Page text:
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Make Me Like It – Episode 3

In Make Me Like It, Dr. Collins explores diaspora food cultures beyond sentimentally and nostalgia, by taking an irreverent look at what happens when we actually dislike some of the food we grew up with. This week, Dr. Collins tries Rock Cakes, can she make herself like it?

Anxious Masculinities: Lesbian Film and Lesbian Film Studies in 2024

Dr. Bradbury-Rance presents a public talk that probes the ways in which masculinity has shaped the terms of contemporary “lesbian” film and film studies. While mainstream film since the turn of the century has intensified its pursuit of femininity as the visible symbol of lesbian progress, gender nonconformity continues to function as a marker of inevitability and intrigue, contestation and disavowal. The reading and misreading of gendered codes of butch and trans masculinity has become a particularly fraught site of anxious correction. Situated against personal and intellectual trajectories of watching and writing about film, this talk explores masculinity through a double bind that underpins the seemingly endless anxieties over lesbian representability.

Dr. Clara Bradbury-Rance is a Senior Lecturer in Gender and Sexuality Studies at King’s College London. She is the author of Lesbian Cinema after Queer Theory, published by Edinburgh University Press and translated into Spanish by Osífragos (both 2019). Clara has published in the journals Camera Obscura, French Screen Studies, Feminist Media Studies, MAI: Feminism and Visual Culture, Feminist Pedagogy, Feminist Theory, New Review of Film and Television Studies, and Film Quarterly. She regularly writes film reviews for Sight and Sound magazine.

Make Me Like It: Corned Beef

This week on Make Me Like It, Dr. Corrine Collins revisits the Corned Beef from her childhood. In Make Me Like It, Dr. Collins explores diaspora food cultures beyond sentimentally and nostalgia, by taking an irreverent look at what happens when we actually dislike some of the food we grew up with.

Make Me Like It : Queen of Puddings

Join Dr. Corrine Collins as she explores diaspora food cultures beyond sentimentally and nostalgia, by taking an irreverent look at what happens when we actually dislike some of the food we grew up with. In this episode, Dr. Collins looks at Queen of Puddings.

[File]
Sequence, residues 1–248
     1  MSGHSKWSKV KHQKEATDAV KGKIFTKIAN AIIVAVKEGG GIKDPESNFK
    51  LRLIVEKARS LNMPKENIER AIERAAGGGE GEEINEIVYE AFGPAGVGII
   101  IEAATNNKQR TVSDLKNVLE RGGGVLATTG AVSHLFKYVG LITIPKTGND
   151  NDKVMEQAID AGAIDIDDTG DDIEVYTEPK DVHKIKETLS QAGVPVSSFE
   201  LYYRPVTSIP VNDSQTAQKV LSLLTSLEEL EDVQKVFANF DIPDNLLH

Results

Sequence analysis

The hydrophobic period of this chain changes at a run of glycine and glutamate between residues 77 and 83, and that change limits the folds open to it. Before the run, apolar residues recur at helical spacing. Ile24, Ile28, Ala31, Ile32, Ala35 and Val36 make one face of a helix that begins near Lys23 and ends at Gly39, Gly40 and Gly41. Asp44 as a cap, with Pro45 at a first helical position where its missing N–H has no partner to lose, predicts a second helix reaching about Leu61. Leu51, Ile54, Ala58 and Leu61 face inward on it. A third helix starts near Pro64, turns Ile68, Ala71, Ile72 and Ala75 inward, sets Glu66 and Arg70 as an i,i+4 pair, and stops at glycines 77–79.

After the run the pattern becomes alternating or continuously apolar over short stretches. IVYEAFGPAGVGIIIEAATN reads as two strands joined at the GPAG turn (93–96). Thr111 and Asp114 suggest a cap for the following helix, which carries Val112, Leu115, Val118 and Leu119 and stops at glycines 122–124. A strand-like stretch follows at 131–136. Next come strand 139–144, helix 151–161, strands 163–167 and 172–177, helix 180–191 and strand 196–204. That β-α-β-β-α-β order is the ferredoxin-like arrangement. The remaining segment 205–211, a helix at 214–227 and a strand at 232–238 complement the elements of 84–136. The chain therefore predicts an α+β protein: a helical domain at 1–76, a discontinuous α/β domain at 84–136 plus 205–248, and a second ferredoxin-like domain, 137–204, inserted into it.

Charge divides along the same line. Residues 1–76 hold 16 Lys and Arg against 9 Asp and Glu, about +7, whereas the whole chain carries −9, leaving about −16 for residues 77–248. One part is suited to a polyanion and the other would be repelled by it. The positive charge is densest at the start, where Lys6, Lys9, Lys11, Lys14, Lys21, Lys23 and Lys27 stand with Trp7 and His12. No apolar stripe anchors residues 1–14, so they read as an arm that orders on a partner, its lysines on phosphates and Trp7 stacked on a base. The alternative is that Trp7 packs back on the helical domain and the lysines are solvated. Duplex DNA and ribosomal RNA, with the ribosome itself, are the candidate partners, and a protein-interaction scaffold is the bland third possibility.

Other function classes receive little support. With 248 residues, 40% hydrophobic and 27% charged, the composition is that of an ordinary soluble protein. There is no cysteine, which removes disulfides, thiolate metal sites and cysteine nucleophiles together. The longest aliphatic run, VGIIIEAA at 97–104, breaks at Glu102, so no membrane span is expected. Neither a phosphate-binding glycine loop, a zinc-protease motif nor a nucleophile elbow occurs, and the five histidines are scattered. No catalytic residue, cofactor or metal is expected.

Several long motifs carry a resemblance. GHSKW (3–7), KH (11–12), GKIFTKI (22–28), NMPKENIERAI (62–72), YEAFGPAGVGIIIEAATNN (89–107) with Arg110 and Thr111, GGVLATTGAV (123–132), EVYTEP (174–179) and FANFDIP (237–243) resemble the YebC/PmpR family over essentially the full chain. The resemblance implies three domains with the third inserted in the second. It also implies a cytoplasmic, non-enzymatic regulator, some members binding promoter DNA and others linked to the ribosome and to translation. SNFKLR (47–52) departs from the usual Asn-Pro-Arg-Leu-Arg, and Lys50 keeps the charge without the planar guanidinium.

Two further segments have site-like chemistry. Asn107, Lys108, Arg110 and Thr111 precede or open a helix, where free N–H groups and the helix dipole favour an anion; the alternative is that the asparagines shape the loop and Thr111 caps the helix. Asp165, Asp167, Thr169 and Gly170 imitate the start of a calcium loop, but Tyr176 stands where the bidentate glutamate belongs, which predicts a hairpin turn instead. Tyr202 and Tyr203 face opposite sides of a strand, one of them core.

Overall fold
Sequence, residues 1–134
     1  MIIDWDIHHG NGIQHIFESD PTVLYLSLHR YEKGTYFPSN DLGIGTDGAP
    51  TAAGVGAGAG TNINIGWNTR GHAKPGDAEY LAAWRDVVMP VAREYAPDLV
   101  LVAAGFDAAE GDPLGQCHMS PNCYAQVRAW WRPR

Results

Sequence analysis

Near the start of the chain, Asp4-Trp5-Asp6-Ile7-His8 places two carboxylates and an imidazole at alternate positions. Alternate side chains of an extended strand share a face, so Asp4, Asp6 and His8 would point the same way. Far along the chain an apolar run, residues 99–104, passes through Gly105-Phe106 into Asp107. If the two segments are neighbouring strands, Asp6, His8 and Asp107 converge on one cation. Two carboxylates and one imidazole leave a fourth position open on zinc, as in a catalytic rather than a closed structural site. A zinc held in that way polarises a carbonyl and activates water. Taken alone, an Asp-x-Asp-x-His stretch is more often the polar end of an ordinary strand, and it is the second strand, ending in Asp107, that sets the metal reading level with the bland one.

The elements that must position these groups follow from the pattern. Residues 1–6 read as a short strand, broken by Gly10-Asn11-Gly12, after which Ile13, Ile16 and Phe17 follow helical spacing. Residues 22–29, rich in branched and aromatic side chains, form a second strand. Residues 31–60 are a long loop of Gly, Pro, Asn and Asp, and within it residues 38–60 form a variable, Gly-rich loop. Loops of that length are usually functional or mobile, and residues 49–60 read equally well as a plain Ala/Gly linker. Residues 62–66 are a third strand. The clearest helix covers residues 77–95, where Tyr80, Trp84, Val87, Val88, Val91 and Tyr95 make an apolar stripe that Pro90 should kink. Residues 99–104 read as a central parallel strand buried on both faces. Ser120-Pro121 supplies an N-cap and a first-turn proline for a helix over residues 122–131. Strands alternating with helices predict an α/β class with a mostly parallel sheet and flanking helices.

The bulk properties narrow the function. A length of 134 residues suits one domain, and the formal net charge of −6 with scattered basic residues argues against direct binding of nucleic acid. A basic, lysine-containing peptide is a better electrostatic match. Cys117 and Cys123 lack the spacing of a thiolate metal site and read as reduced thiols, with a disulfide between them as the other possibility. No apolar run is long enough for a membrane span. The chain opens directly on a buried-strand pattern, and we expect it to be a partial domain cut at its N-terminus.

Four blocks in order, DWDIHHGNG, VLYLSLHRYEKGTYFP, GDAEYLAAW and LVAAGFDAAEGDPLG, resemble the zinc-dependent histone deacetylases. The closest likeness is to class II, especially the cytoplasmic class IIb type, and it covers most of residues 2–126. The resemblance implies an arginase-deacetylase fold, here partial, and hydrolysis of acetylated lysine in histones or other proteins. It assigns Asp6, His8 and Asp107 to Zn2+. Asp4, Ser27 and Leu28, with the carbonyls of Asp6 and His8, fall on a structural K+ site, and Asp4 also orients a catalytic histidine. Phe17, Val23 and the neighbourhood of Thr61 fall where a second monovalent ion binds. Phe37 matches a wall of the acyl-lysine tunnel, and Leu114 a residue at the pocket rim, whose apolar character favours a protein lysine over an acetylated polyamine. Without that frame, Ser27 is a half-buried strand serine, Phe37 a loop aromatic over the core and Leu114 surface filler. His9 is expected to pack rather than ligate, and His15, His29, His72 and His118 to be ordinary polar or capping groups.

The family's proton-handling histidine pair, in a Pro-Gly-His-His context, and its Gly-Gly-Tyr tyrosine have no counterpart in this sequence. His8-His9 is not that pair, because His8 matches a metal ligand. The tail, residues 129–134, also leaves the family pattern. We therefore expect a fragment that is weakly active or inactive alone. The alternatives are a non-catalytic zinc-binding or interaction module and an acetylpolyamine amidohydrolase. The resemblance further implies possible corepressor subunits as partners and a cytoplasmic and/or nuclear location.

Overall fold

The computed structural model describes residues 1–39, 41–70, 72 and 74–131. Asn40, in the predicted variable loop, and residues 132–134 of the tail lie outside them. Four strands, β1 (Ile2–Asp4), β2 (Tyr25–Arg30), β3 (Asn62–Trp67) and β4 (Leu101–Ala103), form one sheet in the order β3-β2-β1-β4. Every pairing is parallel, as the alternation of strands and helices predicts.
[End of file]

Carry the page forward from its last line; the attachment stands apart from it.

“Critical Conversations: On Cults” A Conversation between Guinevere Turner and Poulomi Saha

Critical Conversations: On Cults is a conversation between Dr. Poulomi Saha, an Associate Professor of English and co-Director of the Program in Critical Theory at UC Berkeley, and Guinevere Turner, a writer, director and actor who has first hand experience of growing up in Cults. They have an encompassing conversation about our fascination with cults, the dynamics of cults from the inside, and the presence of cults  that permeate today.

Poulomi Saha is a scholar of Asian American literature, postcolonial studies, & queer and feminist theory, they are currently at work on a book about America’s long obsession with Indian spirituality and why so often those groups come to be called cults. Our current cultural investments in yoga and mindfulness actually have a history going all the way back to the early republic. A history limned by scandal, anxiety, and deep longing. Their first book, An Empire of Touch: Women’s Political Labor & The Fabrication of East Bengal (Columbia University Press, 2019) was awarded the Harry Levin Prize for outstanding first book by the American Comparative Literature Association in 2020 and the Helen Tartar First Book Award in 2017.

Guinevere Turner  has been working in film and TV since her 1994 debut film Go Fish, which she wrote, produced and starred in. She teamed up with director Mary Harron to write the films American Psycho, The Notorious Bettie Page and the 2019 film Charlie Says. She was a writer and story editor on Showtime’s The L Word, and she played the recurring character Gabby Deveaux on that show. She has written and directed seven short films, two of which premiered at the Sundance Film Festival.